Congregation Ohave Shalom - Young Israel of Pawtucket

Haggadah: Give Him Vinegar

by: Anschel Strauss

The Haggadah that the "wicked son," of the "Four Sons," asks his family, "What are these Mitzvos to you?" He excludes himself, and he is not considered to be a part of the Jewish People.

We answer him with the statement that we should blunt his teeth. We say that if he had been in Egypt with us, he would not have been liberated. Rabbi Ovadia Yosef, in his Haggadah, explains that we blunt his teeth by giving him something sharp, like vinegar.

The Talmud (Shabbos 111a) notes that there are two types of vinegar. There is vinegar made by fermenting ripe grapes, and there is vinegar made by fermenting unripe grapes. The one that is made from unripe grapes "blunts the teeth," and tastes bad.

The wicked son says, "Why are you celebrating? You were in Egypt for 210 years under slavery - why didn't you revolt and leave earlier?" Therefore, says Rav Ovadia Yosef, we give him vinegar made from the "early grapes" to blunt his teeth. He would have wanted to leave before the time HaShem had appointed for leaving. He would have left early, as one group actually did - they went to the town of Gas. He would have been killed, as they were, and he would never have seen the actual liberation from Egypt.

I would like to suggest that giving him vinegar has additional significance. The Hebrew word for vinegar is "Chometz." (It is spelled with the same three letters as "Chametz," although it is pronounced differently, and it emerges from the same root word.)

Our rabbis tell us that Chametz is a symbol of arrogance. Although the classic explanation for this is that the dough rises, and this is like a person who is risen and full of himself, I also believe that it applies to all fermentation, including that of vinegar. If one takes wine and leaves it in a bottle, with a balloon attached to the top, the balloon will eventually fill with the gas given off by the fermenting process, and the wine will become vinegar. This rising is the same type of rising which occurs in dough, as the rabbis' classic example of arrogance.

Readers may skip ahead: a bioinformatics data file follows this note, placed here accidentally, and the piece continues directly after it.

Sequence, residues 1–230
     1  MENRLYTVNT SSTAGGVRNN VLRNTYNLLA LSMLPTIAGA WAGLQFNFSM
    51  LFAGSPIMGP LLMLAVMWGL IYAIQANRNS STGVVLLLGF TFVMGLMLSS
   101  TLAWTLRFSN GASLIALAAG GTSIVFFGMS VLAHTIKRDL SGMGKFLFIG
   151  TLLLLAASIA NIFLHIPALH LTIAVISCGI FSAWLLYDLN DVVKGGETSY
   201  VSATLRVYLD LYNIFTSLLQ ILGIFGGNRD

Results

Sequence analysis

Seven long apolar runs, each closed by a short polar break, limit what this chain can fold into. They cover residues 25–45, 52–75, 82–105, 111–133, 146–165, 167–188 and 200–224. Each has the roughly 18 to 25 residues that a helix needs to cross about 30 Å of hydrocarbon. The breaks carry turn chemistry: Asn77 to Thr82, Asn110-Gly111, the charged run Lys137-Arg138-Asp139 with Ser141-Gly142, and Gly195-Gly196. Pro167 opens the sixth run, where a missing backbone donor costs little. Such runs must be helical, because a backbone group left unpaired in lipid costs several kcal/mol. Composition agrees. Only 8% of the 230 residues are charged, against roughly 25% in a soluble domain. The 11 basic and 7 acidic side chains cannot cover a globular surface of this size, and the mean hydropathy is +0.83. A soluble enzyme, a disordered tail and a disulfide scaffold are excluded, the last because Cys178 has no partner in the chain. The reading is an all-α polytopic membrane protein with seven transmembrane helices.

The fact that the wicked son would have left of his own accord, and not waited for HaShem's plan, would seem to indicate his extreme arrogance. Therefore, as a lesson for his arrogance, we give him a "taste of arrogance," blunting his teeth with vinegar.

The fact that vinegar is sour and sharp-tasting may suggest another idea. When we taste raw vinegar in our moths, we tend to spit it out and to make a sour face. Perhaps this suggests that arrogance, like vinegar, is something that we should now even want a little taste of. It's not sweet and good.

Perhaps this can help us understand that which our rabbis teach us, that when a person is filled with arrogance, there is no room for Torah. Since Torah is sweet, it cannot exist in a person who is completely sour and arrogant.

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